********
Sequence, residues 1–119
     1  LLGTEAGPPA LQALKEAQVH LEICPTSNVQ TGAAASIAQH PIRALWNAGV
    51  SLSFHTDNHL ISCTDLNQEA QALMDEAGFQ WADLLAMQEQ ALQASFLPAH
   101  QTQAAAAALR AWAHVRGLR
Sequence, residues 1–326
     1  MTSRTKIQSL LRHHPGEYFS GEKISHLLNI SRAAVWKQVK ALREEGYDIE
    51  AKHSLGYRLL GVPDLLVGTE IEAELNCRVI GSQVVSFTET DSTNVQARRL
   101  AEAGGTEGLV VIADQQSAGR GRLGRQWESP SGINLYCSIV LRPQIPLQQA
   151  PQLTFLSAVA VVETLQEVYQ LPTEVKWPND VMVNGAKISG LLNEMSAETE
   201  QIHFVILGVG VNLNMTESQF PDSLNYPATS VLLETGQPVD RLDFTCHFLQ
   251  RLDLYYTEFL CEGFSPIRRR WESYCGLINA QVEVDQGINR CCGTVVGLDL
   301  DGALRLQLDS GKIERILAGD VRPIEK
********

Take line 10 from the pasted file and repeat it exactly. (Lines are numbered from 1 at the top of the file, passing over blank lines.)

   201  QIHFVILGVG VNLNMTESQF PDSLNYPATS VLLETGQPVD RLDFTCHFLQ